10 minutes with... a newly qualified vet!

10 minutes with... a newly qualified vet!

Josie Cocks, 23, graduated from her veterinary science degree six months ago and is now a practicing vet in North Wales. Discover how it’s all going…

EVERY DAY IS DIFFERENT – ANYTHING CAN WALK THROUGH THE DOOR!

Josie Cocks, 23, graduated from her veterinary science degree six months ago – and is now a practising vet in North Wales. Discover how it’s all going… 

Tell us about your job...

“I’m a vet working at the Grange Veterinary Hospital in Mold, North Wales. Most of the time I treat small animals like dogs, cats, guinea pigs and rabbits but sometimes we get the odd chicken or farm animal brought in – we’ve even treated llamas! 

“In the mornings and evenings I work at a branch surgery with just one nurse. We do consultations only – so, no operations­ – and as it’s a ‘drop in’ surgery, people can turn up without an appointment and it can get very busy! In the afternoon I go back to the main hospital where there are seven other vets – this is where we carry out the operations.  

“We work closely with our local rescue shelter, so there’s always plenty of neutering to do. We also do some more advanced and exciting surgeries including orthopedics – which involves repairing fractured bones. Every day is different as anything can walk through the door – we all look forward to dog caesareans as that involves looking after lots of puppies!” 

What are your hours?

“My usual day is from 8.30am to 6.30pm but I also work one in four night duties and one in four weekends. Night duty involves answering the emergency out-of-hours phone and seeing to any emergencies that come in. As we’re a hospital, we always have at least a few inpatients that need looking after overnight.” 

What are the best bits about your job?

“One of the best things has to be seeing puppies and kittens come in for their first vaccinations. This is usually when they’re about eight weeks old, which is a very cute age! 

“But the most rewarding part of the job is, of course, curing animals. Sometimes this involves surgery – I love doing surgery, it’s exciting and very satisfying when your work looks neat and tidy at the end. Recently, we had a dog in that had eaten a doughnut-shaped sponge. The sponge had become wedged in the intestines and needed to be removed as the gut was slowly breaking down. This was a lifesaving procedure – and also very delicate to carry out.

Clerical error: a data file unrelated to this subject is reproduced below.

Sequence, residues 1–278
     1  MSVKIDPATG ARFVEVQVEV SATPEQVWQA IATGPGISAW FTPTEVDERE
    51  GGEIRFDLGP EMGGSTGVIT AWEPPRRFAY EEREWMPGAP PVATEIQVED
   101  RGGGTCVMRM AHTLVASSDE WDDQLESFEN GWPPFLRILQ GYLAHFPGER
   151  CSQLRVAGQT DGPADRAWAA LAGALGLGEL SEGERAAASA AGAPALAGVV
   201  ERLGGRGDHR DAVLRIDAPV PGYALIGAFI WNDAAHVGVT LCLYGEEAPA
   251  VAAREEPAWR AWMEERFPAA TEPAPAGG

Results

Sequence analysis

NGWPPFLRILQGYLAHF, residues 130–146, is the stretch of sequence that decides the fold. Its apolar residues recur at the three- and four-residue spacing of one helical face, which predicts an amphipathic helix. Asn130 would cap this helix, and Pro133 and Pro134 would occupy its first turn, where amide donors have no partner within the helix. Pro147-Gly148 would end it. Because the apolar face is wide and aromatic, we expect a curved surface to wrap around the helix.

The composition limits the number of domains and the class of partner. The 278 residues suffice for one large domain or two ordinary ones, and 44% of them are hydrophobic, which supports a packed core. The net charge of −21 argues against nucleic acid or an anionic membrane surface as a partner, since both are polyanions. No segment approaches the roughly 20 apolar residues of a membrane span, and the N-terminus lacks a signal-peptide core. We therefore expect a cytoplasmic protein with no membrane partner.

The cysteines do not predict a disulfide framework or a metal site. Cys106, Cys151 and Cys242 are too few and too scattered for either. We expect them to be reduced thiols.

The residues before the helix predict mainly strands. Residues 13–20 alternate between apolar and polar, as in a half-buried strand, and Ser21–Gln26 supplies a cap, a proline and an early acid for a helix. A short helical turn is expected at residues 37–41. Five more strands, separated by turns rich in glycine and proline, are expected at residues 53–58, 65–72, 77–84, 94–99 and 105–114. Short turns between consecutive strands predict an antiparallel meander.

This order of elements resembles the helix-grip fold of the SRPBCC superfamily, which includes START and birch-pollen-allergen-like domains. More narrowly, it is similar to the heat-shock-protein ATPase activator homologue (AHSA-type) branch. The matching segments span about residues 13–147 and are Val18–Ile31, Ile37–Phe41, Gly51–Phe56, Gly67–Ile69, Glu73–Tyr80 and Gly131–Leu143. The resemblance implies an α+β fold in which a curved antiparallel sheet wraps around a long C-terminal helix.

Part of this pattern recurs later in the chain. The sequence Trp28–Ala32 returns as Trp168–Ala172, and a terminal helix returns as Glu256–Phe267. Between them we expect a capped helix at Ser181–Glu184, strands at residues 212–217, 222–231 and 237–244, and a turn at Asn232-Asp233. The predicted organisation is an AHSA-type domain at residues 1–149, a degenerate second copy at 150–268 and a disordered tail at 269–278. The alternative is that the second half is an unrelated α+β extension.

“Other cases involve medical treatment including antibiotics, anti-inflammatories and attaching animals to drips. I feel so happy when an owner is ecstatic to have the animal home again.”

Did you always want to do this as your job?

“I’ve always been an animal softie and dreamed of being a vet when I was younger, but later on in my school days I thought I was too soft to be a vet and dreaded the thought of having to put animals down. However, as I considered my options more, I went to plenty of university open days and realised there’s so much more to being a vet. 

“I realised this was definitely the career I wanted to go into, picked the right A-levels and worked very, very hard. To be a vet, you generally need GCSEs at grades A* to B in maths, sciences and English and A-levels in chemistry, biology, maths or physics. 

“When it comes to applying to vet school, gaining work experience with animals is as essential as getting the right A-levels. I did around eight weeks’ work experience before my application. This included lambing, dairy work, kennels and helping out at my local vet surgery. I found chemistry A-level very hard so had two hours of private tuition every week for a year. There are seven vet schools across the UK and each one has its pros and cons. I loved Liverpool when I visited the open day so was very happy when I got an offer to go there.” 

What training or courses did you do to get where you are today?

“I did a degree in veterinary science (BVSc) at the University of Liverpool which took five years. I loved it but there were some challenging times – exams twice a year and endless hours of studying can get you down. I had a very close group of friends, which helped. 

“At Liverpool, the course is split into three years of pre-clinical work, where you have lots of lectures and do post-mortems, and then two years of clinical work where you work in the university’s veterinary hospitals. The clinical rotations were great fun as this is when I started dealing with lots of different species. I began figuring out which part of the job I enjoyed most and what area I’d like to go into in the future.”

What happened after you graduated?

“The hunt for the perfect job started. Finding a job as a new graduate vet is quite difficult and I applied for many unsuccessfully. My lucky break came when my best friend’s family practice began looking for a new vet. I applied, was invited for an interview and got offered the job! Working with my best friend is brilliant, as well as with a fantastic team of other vets and nurses."

What advice would you give someone who wants to do your job?

“Volunteer as much as you can at a local veterinary practice. Whether you’re mopping floors or helping with surgery, every bit of experience counts. Understanding the general management and day-to-day running of a vet’s surgery helps when you begin your placements in the clinical years at vet school. It’s also very important to build a good relationship with practices and their vets – they’ll be more accommodating to you when you desperately require placements!”

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